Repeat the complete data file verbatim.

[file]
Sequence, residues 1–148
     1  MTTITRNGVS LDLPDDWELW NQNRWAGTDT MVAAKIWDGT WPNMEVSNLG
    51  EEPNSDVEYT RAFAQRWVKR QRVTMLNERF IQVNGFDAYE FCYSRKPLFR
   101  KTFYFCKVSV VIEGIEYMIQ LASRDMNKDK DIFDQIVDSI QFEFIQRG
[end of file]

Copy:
Sequence, residues 1–148
     1  MTTITRNGVS LDLPDDWELW NQNRWAGTDT MVAAKIWDGT WPNMEVSNLG
    51  EEPNSDVEYT RAFAQRWVKR QRVTMLNERF IQVNGFDAYE FCYSRKPLFR
   101  KTFYFCKVSV VIEGIEYMIQ LASRDMNKDK DIFDQIVDSI QFEFIQRG